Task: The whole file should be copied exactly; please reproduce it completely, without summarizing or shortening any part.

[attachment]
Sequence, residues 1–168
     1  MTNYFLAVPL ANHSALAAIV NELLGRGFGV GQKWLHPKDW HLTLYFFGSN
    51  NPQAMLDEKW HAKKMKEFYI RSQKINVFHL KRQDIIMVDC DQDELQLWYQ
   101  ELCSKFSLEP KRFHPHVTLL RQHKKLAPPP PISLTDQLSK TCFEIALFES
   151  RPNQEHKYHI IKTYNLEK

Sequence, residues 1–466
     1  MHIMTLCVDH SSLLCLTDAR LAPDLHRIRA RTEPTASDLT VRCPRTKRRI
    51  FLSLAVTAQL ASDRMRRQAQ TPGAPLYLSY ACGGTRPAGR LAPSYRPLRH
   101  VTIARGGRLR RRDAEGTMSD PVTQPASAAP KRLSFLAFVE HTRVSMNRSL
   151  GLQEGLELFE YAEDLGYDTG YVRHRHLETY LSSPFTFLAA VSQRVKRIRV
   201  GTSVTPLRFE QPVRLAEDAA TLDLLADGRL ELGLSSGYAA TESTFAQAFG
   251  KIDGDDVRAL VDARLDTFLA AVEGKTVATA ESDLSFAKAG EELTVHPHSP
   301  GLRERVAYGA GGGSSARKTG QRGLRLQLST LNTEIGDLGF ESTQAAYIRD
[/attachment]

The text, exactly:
Sequence, residues 1–168
     1  MTNYFLAVPL ANHSALAAIV NELLGRGFGV GQKWLHPKDW HLTLYFFGSN
    51  NPQAMLDEKW HAKKMKEFYI RSQKINVFHL KRQDIIMVDC DQDELQLWYQ
   101  ELCSKFSLEP KRFHPHVTLL RQHKKLAPPP PISLTDQLSK TCFEIALFES
   151  RPNQEHKYHI IKTYNLEK

Sequence, residues 1–466
     1  MHIMTLCVDH SSLLCLTDAR LAPDLHRIRA RTEPTASDLT VRCPRTKRRI
    51  FLSLAVTAQL ASDRMRRQAQ TPGAPLYLSY ACGGTRPAGR LAPSYRPLRH
   101  VTIARGGRLR RRDAEGTMSD PVTQPASAAP KRLSFLAFVE HTRVSMNRSL
   151  GLQEGLELFE YAEDLGYDTG YVRHRHLETY LSSPFTFLAA VSQRVKRIRV
   201  GTSVTPLRFE QPVRLAEDAA TLDLLADGRL ELGLSSGYAA TESTFAQAFG
   251  KIDGDDVRAL VDARLDTFLA AVEGKTVATA ESDLSFAKAG EELTVHPHSP
   301  GLRERVAYGA GGGSSARKTG QRGLRLQLST LNTEIGDLGF ESTQAAYIRD